Current Reviews



Posted: Monday, March 17, 2003
By: David Kozlowski

“Powers & Abilities”

Writer: Will Pfeifer
Artist: Kano

Publisher: DC Comics

Jerry, a bottom-rung retail clerk in a generic midwestern town, finds a device that turns him into one of several super-powered characters. His first attempt at heroism meets with disaster, leaving him bloody and broken by the side of a rural road.

There was nothing remarkable about the debut issue of HERO. The art and storytelling were both solid, but nothing jumped out at me. Writer Will Pfiefer’s first chapter closely mirrored Sam Raimi’s Spider-man movie: young, white kid gets super-powers and must figure out what to do with them. We even got the obligatory “first stab at heroism” bit, where the would-be-hero makes-ass-of-self. The twist was that this failed outing left Jerry wrapped around a guardrail suffering massive injuries. Kano’s visual depiction of this scene was gut wrenching. One of the most startling cliffhangers I’ve seen in a long time.

So I was let down by the opening of issue two when Jerry, in the guise of alter ego “Afterburner”, simply taps the HERO device and reverts to his former, schlep self - miraculously unharmed! What happens when Jerry next uses the HERO device? Is Afterburner still a shattered wreck? Pfiefer later addresses this, but evades the issue. Apparently HERO contains a variety of characters, each with their own distinct powers, costume and name – though all are bland knock-offs of existing DC heroes. Every subsequent use of HERO results in a random selection, like some half-assed juke box. That’s cool, but what happens if Jerry uses up all the heroes in HERO? Sorry for the next guy who gets it “Dude, this thing’s busted”.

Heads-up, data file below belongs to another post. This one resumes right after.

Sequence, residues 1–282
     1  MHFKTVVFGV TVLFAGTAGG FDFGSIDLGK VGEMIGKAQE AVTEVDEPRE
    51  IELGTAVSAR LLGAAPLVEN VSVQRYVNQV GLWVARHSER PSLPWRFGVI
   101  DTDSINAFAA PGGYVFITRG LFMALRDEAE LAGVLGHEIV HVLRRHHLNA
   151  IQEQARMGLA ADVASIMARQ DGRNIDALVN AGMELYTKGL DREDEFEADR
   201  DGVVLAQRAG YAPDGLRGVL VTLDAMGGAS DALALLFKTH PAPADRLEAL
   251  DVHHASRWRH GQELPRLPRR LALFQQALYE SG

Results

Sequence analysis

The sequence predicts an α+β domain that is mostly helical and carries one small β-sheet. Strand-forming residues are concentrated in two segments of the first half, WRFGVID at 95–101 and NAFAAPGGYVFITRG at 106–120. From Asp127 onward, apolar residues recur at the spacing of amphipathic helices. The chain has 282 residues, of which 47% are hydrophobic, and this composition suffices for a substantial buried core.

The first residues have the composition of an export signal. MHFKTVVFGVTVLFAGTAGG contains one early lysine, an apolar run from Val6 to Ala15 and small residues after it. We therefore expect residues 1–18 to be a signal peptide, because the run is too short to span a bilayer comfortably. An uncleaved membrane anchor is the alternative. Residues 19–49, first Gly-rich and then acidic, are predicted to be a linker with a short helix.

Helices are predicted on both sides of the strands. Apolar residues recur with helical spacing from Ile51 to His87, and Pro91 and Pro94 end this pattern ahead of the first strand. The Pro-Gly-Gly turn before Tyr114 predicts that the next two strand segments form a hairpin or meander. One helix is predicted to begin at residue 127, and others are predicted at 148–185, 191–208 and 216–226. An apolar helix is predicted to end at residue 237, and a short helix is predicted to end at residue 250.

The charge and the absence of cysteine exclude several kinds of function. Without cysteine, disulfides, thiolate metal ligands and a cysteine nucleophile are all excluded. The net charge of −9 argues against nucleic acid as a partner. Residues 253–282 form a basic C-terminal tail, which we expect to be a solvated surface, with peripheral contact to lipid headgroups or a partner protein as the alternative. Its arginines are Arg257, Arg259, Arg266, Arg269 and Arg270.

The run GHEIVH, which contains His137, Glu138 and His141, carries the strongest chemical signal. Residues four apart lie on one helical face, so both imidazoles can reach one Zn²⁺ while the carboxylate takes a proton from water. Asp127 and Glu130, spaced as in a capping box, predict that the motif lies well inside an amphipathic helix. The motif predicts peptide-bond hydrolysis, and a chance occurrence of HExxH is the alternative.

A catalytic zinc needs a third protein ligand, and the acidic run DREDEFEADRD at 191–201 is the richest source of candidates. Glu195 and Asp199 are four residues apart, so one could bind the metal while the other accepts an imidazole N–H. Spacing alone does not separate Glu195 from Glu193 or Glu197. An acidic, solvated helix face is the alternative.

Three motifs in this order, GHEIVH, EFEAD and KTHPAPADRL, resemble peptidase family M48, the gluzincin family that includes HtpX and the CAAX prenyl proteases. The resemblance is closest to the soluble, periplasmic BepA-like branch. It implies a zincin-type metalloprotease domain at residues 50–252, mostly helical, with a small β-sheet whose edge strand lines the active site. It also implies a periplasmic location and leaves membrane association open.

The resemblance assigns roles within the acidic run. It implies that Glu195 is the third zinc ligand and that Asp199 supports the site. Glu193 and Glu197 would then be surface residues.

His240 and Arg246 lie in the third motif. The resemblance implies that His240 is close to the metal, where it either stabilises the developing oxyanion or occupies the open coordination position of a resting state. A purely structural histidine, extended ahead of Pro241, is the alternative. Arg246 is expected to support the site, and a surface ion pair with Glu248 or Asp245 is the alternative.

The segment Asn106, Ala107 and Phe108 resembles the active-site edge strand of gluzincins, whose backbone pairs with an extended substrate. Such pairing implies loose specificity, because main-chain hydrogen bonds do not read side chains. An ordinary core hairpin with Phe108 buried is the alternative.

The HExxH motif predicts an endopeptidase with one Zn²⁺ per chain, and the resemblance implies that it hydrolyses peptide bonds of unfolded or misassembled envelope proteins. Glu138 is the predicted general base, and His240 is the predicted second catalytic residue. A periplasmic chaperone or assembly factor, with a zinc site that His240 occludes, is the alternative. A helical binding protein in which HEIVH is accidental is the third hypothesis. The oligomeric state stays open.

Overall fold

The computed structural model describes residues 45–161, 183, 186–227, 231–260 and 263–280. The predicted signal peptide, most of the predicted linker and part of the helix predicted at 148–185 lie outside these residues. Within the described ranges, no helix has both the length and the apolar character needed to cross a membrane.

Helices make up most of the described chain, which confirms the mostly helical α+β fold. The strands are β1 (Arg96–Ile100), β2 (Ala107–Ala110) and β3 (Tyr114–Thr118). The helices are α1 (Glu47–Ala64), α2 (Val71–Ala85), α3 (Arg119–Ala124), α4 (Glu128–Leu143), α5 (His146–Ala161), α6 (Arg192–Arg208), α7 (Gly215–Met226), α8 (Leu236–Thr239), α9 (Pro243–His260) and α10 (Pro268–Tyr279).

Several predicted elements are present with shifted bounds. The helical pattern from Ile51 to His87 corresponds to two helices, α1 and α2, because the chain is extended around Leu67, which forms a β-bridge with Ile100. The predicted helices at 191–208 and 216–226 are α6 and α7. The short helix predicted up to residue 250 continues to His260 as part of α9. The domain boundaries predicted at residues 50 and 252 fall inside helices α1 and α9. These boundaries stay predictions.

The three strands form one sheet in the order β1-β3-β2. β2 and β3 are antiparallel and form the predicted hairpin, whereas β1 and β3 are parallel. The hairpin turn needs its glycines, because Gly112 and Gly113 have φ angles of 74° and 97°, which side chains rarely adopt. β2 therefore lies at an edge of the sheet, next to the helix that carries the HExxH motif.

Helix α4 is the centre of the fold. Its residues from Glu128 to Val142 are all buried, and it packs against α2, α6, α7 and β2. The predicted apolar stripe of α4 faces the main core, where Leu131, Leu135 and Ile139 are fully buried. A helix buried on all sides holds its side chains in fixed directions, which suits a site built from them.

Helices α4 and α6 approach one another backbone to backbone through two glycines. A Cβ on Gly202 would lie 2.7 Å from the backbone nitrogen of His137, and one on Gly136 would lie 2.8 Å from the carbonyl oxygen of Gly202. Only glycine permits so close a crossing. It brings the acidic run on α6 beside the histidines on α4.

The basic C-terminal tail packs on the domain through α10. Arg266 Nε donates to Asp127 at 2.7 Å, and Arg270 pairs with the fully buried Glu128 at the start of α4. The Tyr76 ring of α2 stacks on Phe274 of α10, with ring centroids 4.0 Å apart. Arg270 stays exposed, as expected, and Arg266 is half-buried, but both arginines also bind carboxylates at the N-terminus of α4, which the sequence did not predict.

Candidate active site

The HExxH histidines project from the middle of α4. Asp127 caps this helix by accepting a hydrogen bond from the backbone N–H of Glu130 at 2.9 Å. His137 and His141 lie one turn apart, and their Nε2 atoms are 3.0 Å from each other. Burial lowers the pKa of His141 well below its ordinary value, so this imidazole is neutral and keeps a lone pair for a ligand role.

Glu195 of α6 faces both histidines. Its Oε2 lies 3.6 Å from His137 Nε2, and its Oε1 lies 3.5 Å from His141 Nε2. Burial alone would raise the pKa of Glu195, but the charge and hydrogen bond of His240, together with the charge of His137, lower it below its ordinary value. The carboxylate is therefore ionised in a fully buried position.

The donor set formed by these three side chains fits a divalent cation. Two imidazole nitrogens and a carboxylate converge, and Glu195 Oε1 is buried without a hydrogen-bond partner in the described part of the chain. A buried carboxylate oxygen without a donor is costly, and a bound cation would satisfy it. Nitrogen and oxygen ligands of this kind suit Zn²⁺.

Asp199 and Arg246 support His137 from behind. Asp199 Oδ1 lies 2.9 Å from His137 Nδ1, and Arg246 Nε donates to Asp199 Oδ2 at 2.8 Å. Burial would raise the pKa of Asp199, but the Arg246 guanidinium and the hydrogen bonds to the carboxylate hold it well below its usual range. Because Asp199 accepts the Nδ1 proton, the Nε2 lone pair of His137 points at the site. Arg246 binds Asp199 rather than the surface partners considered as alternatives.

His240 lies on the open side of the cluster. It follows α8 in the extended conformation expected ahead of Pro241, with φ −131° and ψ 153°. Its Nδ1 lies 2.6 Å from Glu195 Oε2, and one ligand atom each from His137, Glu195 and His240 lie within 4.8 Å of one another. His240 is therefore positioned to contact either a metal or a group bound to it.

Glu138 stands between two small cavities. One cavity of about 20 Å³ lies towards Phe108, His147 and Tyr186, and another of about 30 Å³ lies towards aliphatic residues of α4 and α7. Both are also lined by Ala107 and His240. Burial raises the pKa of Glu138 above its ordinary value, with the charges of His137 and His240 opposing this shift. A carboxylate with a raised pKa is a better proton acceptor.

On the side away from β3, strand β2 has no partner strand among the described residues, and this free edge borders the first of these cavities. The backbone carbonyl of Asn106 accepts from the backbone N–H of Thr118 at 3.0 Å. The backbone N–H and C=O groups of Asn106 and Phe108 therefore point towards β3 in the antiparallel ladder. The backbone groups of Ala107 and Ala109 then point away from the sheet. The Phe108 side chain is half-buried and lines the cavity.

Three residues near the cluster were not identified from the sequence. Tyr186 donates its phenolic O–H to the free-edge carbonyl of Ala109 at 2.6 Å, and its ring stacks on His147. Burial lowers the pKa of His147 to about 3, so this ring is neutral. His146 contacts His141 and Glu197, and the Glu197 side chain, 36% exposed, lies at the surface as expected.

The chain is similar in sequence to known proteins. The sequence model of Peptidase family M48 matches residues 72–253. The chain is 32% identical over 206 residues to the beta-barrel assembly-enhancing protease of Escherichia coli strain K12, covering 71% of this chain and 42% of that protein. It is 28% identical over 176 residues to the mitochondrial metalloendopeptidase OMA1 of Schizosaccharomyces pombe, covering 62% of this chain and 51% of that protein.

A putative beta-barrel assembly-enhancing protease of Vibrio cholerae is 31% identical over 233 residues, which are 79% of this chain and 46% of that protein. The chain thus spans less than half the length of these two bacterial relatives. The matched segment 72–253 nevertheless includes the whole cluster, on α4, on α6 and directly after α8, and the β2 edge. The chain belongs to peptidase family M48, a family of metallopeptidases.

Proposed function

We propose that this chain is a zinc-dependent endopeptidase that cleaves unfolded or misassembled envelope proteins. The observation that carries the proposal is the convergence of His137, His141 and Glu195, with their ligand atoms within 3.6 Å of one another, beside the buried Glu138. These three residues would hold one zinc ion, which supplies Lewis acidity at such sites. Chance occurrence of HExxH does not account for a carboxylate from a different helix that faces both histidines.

Each week I pick up one or two comics based solely on the strength of their cover art -- most of the time, however, I put the book back on the shelf because the interior art or writing turns me off (i.e. Captain America). John Van Fleet’s cover to HERO #2 is so evocative and haunting that it is worth the price of purchase alone. More importantly, it actually ties into the story, which is rather unique these days.

And what is up with artists going by a single name? I see these dudes in art school and I think: “what pretentious turds, get over yourselves”. Kano, however, is a very good storyteller, so I can forgive the pompous name thing. Though his super-hero designs are nothing to scream about, his settings and backgrounds are awesome. When Jerry decides to visit the bad side of town, where all the really serious crimes seem to occur, we are as shocked as he by the urban blight. Otherwise, my only complaint with Kano is that his characters are drawn a little too “cartoony” for the gritty tone of Pfiefer’s script. His hookers and drug dealers aren’t nearly as skeevy as I would expect; but that’s just a minor nit in an otherwise superior art job.

Final Word:
I still don’t know what the HERO device is, where it comes from or what its limitations are. But I’m willing to forgive that for another month or so. Pfiefer is telling a compelling story, he’s introduced a lot new ideas, but he leaves me with more questions than answers. Jerry is, unfortunately, kind of passive; he's more reactive than proactive. It makes him a weaker character than I’d like yet Pfiefer has given him a distinct voice and I care what happens to him. I had the similar issues with Vertigo's "Y The Last Man", and it turned out to be one of the best new comics of last year, so I am hopeful. Pfiefer has generated a lot of momentum so far. I hope that he not only sustains it, but also closes out this arc in a meaningful way. Don’t take the cheap way out, that’s all I ask.

What did you think of this book?
Have your say at the Line of Fire Forum!